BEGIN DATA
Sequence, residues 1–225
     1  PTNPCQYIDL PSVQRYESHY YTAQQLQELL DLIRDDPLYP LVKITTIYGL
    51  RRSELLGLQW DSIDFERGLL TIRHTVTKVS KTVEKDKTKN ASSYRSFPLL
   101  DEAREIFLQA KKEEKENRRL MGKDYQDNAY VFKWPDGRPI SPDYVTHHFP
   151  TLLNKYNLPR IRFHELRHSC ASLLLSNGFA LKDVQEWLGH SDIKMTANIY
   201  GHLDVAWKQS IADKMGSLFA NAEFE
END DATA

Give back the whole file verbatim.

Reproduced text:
Sequence, residues 1–225
     1  PTNPCQYIDL PSVQRYESHY YTAQQLQELL DLIRDDPLYP LVKITTIYGL
    51  RRSELLGLQW DSIDFERGLL TIRHTVTKVS KTVEKDKTKN ASSYRSFPLL
   101  DEAREIFLQA KKEEKENRRL MGKDYQDNAY VFKWPDGRPI SPDYVTHHFP
   151  TLLNKYNLPR IRFHELRHSC ASLLLSNGFA LKDVQEWLGH SDIKMTANIY
   201  GHLDVAWKQS IADKMGSLFA NAEFE